Setbacks are not necessary
I was amazed to hear that a member of the Zoning Board want the proposed hotel on Milvia and Bancroft to be set back from the sidewalk, making it impossible to include retail.
The best way to create interesting, pedestrian-friendly streets is by building retail right at the sidewalk. Berkeley has actually required developers to do this in some places -- an example is Cafe Expresso at Shattuck and Hearst -- and it has made the street much more inviting. It is the storefronts facing the sidewalk that make traditional shopping streets, such as College Ave., so inviting.
The rule that requires this developer to get a use permit to build to the sidewalk is a relic of 1950s suburban design. Many cities now have zoning codes that require developers to build to the sidewalk in downtowns and on commercial corridors. New Urbanist planners, such as Andres Duany and Victor Dover, made these codes popular, and now they are spreading widely.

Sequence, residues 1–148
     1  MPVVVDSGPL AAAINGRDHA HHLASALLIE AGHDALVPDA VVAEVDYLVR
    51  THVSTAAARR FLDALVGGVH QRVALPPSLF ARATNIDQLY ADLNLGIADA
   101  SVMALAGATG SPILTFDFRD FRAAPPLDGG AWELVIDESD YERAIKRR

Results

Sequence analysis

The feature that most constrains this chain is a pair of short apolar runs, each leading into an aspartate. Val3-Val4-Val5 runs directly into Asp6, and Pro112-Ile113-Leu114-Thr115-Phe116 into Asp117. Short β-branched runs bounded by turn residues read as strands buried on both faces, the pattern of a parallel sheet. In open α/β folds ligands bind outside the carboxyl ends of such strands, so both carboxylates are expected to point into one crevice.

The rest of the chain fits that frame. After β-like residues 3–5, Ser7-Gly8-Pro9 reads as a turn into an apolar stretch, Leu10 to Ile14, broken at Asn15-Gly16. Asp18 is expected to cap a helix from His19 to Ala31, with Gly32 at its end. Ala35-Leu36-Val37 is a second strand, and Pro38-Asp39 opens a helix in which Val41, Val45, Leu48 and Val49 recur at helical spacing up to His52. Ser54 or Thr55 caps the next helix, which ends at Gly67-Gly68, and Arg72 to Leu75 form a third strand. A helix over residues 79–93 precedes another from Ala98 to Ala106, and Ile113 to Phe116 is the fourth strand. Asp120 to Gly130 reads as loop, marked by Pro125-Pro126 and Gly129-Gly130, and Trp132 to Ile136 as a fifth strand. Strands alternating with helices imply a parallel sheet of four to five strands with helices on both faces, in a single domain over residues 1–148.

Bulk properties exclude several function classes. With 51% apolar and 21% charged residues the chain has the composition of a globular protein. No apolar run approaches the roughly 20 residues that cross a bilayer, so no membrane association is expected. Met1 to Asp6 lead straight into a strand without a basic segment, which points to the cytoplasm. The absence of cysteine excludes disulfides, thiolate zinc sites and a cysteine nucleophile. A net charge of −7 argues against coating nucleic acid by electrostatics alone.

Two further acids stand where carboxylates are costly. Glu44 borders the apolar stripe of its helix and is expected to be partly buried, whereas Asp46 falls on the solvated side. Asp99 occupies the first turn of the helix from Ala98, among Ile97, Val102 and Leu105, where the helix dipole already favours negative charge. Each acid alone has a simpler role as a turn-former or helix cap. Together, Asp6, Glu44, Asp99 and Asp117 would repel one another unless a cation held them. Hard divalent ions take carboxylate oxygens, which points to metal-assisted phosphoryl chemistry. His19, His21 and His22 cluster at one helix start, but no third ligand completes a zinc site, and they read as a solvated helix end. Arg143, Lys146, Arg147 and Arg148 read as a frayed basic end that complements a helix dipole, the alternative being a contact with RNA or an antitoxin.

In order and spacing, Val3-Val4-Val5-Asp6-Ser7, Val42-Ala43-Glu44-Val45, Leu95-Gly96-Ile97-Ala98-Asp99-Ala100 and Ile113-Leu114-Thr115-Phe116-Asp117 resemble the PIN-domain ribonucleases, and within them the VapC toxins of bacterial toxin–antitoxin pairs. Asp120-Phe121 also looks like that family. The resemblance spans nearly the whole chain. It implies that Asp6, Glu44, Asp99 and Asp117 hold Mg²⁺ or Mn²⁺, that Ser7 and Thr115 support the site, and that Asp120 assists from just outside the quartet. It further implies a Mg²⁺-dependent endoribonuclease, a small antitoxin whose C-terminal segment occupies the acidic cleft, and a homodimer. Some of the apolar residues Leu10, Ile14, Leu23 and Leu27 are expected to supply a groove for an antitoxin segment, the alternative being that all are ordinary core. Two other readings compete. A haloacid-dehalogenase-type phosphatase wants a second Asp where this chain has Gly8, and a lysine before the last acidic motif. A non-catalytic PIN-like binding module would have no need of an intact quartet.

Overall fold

Berkeley should catch up by changing its zoning laws so developers in downtown and on major commercial corridors must build to the sidewalk unless they show they have a special reason for needing a setback. I hope this hotel is approved without a setback and with retail facing the sidewalk. It is badly needed to enliven a bleak and dull part of downtown.